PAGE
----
• Apple rolled out StoreKit 2 and new in-app purchase capabilities. StoreKit 2 adds new Swift-based APIs that allow developers to determine product entitlements and eligibility for offers, get a user’s history of in-app purchases, find out the latest status of a subscription, provide a way to request refunds and manage subscriptions from within an app, and more. An App Store Server API is also in production for getting users’ IAP history and subscription status. App Store server notifications, which provide real-time updates on IAPs to enable developers to create customized experiences, are coming soon.
  • iOS 15 brings a major ASO update to the App Store. Now, the store will hide the screenshots for the apps you already have installed on your phone, which allows other apps and games to gain more visibility. This will be particularly important for those that appear in searches for major brands.

Android Updates & News

Image Credits: Google

  • Google’s Android Automotive OS will come to Honda vehicles in 2022. The integrated version of Android Auto is already available in select Ford, GM and Volvo vehicles.
  • Google booted a game and suspended a developer’s account for using sexually explicit ads to direct users to their app. The ads were causing outrage across social media, including Twitter and TikTok, due to the nature of the ads, which encouraged players to commit sexual assault.

E-commerce/Food Delivery

  • Amazon is shutting down its Amazon Go app. The app allowed shoppers to go checkout-free at Amazon’s high-tech convenience stores where cameras and shelf sensors track what you buy. The functionality provided by Amazon Go is now being integrated into Amazon’s main app, the company said.
  • Uber Eats added a new map feature that allows users to search for food nearby by typing in either words or an emoji. That is, you could type in an emoji of a hamburger 🍔, and the map would display the exact distance from your location. The company said the change was introduced because a majority of users would switch to other map apps to find nearby food. Users will also be able to see delivery and pickup options within Uber Eats and the Uber app itself.

Image Credits: Uber Eats

Fintech

  • PayPal launched its new “super app,” which combines a variety of fintech tools under the hood. The app offers direct deposit with the ability to get paid up to two days early, improved bill pay, a digital wallet, peer-to-peer payments, messaging, shopping tools ported over from its acquisition of Honey, crypto capabilities and a “high-yield” savings account (well, it’s 0.40% APY) powered by Synchrony Bank. Some of the features are arriving now, others in the weeks and months ahead. And the rollout itself is staggered so you might not see the update right away, either.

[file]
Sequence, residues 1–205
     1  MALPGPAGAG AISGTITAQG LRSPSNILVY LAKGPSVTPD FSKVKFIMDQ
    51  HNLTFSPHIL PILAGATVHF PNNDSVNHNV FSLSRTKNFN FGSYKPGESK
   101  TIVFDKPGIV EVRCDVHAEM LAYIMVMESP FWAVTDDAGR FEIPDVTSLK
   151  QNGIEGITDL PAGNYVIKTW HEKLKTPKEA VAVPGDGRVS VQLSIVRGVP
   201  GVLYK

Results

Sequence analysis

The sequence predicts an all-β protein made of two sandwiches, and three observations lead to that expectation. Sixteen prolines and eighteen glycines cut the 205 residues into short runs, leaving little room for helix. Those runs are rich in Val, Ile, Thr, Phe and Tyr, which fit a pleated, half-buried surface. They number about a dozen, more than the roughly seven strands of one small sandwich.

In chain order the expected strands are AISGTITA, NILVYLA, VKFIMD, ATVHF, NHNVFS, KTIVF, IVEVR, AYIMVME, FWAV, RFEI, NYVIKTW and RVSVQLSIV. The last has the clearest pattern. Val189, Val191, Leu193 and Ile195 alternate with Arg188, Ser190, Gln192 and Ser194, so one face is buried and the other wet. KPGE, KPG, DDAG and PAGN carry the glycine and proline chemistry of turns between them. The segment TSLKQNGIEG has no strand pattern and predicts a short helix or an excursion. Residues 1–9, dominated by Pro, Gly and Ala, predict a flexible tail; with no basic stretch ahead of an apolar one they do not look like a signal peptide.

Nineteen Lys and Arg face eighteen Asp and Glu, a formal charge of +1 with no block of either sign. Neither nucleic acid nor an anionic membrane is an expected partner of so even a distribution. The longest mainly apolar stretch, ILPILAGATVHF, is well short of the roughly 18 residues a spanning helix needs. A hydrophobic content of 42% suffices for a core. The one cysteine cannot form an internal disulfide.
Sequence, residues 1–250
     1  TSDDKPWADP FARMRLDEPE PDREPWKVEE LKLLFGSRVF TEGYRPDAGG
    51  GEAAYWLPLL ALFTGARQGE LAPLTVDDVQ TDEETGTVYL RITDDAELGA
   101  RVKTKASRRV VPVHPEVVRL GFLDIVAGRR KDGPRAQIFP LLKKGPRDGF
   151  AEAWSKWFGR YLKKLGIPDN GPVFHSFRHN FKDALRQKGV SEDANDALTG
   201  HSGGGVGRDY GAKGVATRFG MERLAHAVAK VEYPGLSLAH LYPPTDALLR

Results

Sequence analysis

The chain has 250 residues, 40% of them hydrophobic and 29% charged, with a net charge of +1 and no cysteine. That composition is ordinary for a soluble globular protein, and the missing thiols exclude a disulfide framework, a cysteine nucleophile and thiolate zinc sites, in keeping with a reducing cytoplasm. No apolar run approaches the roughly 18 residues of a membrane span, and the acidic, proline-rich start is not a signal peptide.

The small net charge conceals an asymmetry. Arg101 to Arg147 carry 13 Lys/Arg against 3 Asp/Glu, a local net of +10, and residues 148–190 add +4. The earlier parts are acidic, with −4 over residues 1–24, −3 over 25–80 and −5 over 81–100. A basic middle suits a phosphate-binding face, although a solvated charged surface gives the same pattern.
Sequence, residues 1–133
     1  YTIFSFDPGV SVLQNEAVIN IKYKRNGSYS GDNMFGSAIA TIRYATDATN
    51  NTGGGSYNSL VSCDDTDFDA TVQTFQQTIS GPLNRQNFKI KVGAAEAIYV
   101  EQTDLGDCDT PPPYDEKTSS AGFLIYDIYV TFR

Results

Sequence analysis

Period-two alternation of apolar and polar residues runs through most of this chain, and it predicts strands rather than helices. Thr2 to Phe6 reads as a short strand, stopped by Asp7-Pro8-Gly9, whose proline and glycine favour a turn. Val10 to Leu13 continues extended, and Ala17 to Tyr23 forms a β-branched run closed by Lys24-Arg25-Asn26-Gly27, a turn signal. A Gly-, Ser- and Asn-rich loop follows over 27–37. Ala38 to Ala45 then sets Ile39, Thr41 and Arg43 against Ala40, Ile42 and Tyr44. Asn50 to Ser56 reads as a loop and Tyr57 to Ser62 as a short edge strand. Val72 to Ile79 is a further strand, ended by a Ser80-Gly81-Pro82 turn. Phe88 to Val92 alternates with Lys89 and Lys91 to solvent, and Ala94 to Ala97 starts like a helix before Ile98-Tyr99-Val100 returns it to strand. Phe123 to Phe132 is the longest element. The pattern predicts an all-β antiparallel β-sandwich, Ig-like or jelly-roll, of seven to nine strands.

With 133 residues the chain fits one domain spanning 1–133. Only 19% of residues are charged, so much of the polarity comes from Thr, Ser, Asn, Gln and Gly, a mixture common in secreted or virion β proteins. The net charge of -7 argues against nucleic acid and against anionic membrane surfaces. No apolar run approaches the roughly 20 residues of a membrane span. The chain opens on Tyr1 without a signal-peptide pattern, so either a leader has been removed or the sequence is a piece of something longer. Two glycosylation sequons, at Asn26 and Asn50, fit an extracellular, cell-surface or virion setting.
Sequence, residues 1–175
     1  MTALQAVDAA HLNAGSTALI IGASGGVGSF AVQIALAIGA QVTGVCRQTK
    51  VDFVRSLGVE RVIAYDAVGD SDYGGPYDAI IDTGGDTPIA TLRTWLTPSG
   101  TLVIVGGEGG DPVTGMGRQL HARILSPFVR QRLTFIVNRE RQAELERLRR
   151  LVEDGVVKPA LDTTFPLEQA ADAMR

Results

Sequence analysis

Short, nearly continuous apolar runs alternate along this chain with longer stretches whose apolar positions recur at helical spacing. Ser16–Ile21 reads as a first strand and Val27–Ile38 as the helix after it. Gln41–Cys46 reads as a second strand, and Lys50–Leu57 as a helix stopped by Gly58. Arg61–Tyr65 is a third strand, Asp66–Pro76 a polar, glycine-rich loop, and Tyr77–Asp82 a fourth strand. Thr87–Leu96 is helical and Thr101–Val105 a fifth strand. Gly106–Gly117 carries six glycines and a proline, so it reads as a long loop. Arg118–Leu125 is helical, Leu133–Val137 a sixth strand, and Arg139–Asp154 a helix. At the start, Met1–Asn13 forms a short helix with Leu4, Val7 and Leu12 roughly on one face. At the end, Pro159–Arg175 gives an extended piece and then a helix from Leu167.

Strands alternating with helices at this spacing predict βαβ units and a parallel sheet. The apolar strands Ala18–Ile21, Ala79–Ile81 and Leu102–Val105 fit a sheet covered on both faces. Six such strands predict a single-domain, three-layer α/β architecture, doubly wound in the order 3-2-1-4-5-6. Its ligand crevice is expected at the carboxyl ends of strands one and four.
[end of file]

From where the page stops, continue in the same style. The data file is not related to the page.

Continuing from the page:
Image Credits: PayPal

  • Following the threat of an SEC lawsuit, Coinbase canceled its planned launch of a “Lend” product which would have allowed users to lend their crypto holdings back to the exchange for the promise of earning interest rates that are much higher than traditional savings accounts offer. This sort of functionality is already offered by other platforms, like Gemini, which is why Coinbase was proceeding toward a launch before the SEC’s intervention.
  • Robinhood has begun quietly testing a new crypto wallet feature and cryptocurrency transfer features in a beta version of its app.
  • European fintech app Revolut launched commission-free stock trading in the U.S. to compete with Robinhood and others.
  • Square’s payment processing app glitched last weekend, which caused its automatic tipping screen to disappear for hours. The bug hurt restaurant workers, baristas and small business owners who lost out on what would have otherwise been hundreds of thousands in tips.
  • China banned crypto. The country’s central bank said all cryptocurrency-related activities are now prohibited and overseas exchanges providing services in China are now illegal.

Social

Image Credits: Twitter